Three Tactics to Effectively Manage Social Media Time | Jobs In DE
By: JobsInTheUS.com

Three Tactics to Effectively Manage Social Media Time

By Shawn McGowan

In a JobsIntheUS.com poll, 42 percent of our job seekers said that they spend one to three hours per day on social networking sites like Facebook, Twitter, and LinkedIn. This isn't surprising considering a Nielsen study released earlier this year showed a monthly average of time spent on Facebook alone at seven hours.

Whether you're looking for a job and using social media to network your foot into the door or you're a thought leader in your professional community with a demanding networking schedule, staying on top of a distracting, endlessly updating, real-time atmosphere can be daunting to say the least.

News, job openings, industry studies and rousing discussions are hot and trending one minute and cold the next. With constant contact from family and friends, links to side interests and hobbies around every corner, staying focused is a challenge for even the most disciplined multitasker.

In a space like this, how are we to make way for productivity? In The Seven Habits of Highly Effective People by Steven Covey, when discussing the third habit - time management and prioritization - he says, "Manage from the left [brain]; lead from the right [brain]."

Structuring our time and creating some concrete guidelines to go by can afford us the opportunity to get more done and be more creative while doing it, even in the most distracting environments.

Here are three tips to keep your goals in sight, stay efficient and avoid the constant distraction that is social media.

1. Devise a Plan

Develop a solid plan and write it down, even if it is a brief outline with a few key items. Consider what you hope to accomplish, what activities will contribute to achieving your goals, what tools to use and online communities you will need to be present in.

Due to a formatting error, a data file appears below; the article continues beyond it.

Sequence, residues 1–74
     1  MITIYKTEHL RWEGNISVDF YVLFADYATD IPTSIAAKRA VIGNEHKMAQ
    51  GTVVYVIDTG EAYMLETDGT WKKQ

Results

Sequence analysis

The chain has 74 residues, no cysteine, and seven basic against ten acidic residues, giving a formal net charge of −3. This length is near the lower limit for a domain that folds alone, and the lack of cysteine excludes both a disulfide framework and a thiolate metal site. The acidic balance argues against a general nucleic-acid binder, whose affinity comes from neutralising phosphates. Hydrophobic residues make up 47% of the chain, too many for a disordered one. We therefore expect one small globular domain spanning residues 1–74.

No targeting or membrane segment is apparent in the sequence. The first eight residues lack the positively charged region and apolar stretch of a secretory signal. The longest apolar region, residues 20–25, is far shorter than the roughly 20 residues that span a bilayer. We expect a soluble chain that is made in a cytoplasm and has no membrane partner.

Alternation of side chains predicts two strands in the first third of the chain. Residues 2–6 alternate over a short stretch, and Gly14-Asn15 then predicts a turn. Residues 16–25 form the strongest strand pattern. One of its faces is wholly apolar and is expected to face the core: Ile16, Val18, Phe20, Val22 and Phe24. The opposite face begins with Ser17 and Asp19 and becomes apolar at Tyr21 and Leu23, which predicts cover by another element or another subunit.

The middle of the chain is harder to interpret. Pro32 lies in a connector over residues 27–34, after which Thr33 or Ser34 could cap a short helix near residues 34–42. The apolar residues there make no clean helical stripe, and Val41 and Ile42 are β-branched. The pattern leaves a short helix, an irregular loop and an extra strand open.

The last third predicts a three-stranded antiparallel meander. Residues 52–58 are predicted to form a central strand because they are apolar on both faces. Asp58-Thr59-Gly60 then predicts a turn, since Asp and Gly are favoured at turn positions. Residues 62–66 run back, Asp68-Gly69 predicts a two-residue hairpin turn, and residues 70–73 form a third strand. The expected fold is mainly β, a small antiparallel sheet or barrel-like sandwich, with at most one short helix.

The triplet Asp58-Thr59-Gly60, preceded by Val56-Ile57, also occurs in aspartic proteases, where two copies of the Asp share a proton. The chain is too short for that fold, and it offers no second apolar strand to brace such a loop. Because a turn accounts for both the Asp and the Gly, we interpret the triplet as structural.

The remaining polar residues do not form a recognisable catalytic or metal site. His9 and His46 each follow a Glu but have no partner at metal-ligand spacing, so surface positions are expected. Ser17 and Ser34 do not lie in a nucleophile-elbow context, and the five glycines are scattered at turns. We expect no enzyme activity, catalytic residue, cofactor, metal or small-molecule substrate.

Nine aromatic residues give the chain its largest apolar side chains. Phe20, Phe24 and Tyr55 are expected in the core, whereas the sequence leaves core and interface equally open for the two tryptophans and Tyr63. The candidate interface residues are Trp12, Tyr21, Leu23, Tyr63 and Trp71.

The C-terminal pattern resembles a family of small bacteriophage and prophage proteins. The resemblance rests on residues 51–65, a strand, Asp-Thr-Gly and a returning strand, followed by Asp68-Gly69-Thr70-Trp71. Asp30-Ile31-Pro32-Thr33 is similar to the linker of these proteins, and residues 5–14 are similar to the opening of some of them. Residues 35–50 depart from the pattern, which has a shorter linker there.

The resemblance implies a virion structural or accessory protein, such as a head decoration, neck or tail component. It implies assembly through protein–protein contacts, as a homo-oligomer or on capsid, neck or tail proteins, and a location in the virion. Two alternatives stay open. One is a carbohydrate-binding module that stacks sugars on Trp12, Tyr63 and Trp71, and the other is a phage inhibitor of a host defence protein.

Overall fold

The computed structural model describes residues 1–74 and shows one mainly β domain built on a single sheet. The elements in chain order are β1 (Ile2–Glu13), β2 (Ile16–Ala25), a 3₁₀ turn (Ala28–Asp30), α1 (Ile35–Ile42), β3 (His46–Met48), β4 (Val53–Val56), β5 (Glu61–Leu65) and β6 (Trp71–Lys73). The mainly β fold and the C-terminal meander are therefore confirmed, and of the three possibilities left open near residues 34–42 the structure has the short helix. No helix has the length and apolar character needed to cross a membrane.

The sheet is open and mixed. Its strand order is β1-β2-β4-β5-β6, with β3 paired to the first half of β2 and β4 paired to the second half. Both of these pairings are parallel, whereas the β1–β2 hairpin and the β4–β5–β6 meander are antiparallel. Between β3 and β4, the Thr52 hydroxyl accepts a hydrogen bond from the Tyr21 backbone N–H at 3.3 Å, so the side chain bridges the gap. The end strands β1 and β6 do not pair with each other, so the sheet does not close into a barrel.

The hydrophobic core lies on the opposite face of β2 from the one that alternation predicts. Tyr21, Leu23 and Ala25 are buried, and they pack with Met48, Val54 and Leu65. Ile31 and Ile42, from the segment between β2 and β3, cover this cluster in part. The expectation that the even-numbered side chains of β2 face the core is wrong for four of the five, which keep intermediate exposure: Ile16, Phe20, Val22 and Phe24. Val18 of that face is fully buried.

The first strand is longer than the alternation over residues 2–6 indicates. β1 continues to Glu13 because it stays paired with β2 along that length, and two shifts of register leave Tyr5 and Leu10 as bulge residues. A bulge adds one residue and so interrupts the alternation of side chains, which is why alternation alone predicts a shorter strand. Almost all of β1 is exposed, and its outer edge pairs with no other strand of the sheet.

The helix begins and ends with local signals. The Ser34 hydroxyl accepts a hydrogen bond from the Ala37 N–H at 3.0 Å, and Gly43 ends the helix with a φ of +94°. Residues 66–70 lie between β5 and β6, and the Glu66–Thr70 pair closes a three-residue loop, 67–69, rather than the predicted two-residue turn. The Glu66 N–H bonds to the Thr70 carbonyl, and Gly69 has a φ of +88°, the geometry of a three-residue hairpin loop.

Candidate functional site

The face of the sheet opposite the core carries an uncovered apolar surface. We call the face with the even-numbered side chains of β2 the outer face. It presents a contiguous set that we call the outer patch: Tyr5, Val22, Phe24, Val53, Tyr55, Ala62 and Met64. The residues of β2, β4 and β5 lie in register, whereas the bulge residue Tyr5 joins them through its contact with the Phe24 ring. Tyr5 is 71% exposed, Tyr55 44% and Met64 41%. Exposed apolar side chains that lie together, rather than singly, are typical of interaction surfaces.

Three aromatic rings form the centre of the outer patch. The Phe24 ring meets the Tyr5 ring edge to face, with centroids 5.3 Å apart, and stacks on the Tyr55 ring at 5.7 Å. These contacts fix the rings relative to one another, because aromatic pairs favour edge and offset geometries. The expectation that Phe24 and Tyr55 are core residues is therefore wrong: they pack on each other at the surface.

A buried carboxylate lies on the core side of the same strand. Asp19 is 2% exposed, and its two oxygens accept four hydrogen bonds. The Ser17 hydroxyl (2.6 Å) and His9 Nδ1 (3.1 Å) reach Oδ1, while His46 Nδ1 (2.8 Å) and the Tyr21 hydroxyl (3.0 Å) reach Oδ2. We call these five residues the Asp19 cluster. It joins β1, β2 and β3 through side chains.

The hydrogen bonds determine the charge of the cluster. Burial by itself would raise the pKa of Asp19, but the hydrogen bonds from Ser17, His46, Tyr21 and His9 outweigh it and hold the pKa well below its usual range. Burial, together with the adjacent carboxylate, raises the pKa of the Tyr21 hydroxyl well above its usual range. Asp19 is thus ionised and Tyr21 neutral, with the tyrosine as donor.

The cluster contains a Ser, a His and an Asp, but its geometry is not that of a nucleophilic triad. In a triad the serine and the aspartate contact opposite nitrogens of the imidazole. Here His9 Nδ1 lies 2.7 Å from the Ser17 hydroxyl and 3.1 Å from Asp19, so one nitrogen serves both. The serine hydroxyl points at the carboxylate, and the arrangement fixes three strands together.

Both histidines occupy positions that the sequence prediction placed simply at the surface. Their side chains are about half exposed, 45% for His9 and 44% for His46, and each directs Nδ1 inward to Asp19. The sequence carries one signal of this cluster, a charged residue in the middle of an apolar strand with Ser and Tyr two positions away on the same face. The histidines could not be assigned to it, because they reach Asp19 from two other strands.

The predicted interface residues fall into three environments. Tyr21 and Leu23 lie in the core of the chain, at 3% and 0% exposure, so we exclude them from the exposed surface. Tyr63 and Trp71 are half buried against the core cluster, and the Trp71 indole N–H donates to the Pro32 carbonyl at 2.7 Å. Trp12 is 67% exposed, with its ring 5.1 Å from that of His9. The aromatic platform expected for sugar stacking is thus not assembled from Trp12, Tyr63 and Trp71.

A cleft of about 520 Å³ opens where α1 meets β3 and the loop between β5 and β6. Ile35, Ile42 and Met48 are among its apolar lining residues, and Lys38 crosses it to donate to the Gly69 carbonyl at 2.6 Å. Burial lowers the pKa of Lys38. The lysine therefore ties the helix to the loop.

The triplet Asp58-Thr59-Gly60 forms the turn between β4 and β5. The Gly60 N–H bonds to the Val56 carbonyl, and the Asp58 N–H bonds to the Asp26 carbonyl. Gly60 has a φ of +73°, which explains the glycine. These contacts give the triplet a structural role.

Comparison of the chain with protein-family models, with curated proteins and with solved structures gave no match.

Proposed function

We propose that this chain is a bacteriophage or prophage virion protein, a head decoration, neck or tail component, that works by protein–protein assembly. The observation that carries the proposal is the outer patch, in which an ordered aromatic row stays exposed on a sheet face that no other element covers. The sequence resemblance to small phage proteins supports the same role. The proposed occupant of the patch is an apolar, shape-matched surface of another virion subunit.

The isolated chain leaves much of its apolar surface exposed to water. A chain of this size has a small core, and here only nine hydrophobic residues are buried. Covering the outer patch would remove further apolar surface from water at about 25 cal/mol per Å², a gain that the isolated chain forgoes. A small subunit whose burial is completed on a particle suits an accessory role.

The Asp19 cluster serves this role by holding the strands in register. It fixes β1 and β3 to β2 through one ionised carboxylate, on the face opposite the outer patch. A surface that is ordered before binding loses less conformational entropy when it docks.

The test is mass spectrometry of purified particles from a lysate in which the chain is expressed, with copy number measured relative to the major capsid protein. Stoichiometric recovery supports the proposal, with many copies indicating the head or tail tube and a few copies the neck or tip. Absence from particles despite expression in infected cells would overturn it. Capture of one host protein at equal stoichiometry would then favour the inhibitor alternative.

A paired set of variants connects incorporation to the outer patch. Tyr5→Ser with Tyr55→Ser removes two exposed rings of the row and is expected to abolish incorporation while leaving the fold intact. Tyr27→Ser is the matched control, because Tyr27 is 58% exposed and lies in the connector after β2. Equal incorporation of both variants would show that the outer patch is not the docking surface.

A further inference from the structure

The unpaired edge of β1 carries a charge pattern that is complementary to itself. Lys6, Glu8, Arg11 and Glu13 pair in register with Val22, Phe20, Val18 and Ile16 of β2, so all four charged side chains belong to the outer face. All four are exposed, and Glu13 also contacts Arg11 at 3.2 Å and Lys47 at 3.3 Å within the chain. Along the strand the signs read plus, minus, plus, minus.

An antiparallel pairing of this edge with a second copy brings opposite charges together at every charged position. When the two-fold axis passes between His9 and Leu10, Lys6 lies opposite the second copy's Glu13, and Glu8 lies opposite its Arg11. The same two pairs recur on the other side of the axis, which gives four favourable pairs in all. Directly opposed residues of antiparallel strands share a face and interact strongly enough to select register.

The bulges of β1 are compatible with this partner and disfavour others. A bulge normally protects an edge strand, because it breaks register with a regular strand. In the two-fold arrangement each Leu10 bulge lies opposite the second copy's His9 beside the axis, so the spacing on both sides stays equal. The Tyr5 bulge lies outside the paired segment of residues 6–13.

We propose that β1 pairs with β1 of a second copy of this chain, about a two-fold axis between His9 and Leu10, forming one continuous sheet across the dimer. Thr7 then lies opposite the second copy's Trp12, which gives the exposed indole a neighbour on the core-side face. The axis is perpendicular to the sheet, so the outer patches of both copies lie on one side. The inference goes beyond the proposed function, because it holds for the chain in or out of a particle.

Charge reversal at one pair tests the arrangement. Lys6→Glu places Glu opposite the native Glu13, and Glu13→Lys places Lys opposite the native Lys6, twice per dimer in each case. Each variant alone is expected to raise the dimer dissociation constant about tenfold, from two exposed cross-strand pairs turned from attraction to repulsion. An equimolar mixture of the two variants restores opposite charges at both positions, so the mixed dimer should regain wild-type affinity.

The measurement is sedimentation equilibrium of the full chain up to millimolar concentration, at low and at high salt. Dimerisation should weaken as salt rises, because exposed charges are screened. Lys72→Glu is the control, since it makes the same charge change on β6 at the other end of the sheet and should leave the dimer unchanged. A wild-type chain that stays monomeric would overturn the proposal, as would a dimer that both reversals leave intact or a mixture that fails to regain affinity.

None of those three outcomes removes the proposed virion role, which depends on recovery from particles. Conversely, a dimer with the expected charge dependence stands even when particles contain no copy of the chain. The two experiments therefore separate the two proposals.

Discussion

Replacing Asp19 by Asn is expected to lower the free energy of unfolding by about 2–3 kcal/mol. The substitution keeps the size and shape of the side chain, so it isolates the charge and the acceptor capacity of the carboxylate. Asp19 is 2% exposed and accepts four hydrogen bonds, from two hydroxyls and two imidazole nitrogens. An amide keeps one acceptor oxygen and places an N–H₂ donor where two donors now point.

For example: If your goal is to be a prominent professional networker in your area and field, you may want to make yourself present on LinkedIn, especially on relevant groups where discussion is taking place and strategically gain contacts through group participation, personal messages, informational interviews and other activities.

2. Set a Routine

Break your plan into tasks, identify where your efforts will be focused and allot yourself time to accomplish them. Find a time management tool that is comfortable for you such as Microsoft Outlook or Google Calendar. Create a weekly schedule, however loose, and make time to focus on only your elected tasks. Creating events such as "power hours" with reminders in Outlook is a favorite simple tactic of mine.

As in the above example, to achieve LinkedIn attention perhaps breaking your time into discussion hours where you propose questions, craft thoughtful replies, or share relevant content with your groups might be useful.

3. Limit Distractions

As distractions invariably pop up, try to keep your goals top of mind and stay tough on yourself in adhering to your tasks at hand. Allowing for a five or ten minute window between tasks to cycle quickly through emails, Twitter responses and direct messages, LinkedIn messages, or Facebook notifications, can be an effective way to attend to urgent matters while staying on point (another from my bag of tricks).

When off-topic links, videos or other distractions arise, find a familiar way of parking them, such as browser bookmarks, Delicious, Instapaper, Evernote, or a good old fashioned paper notepad. This will keep you on task until you have time to catch up on extraneous items of interest.

Social networking has quickly become the preferable mode of communication, research, and networking with companies and industry leaders/experts to gain employment. In a climate that breeds distraction, regimenting your time and focusing your energy in your social media endeavors can ensure you are getting the most out of what you are putting in.

Comments  Add Your Comments
Add Your Comments
Display Name:
Location:
E-Mail Address:
Comments:
 
Enter numbers Why?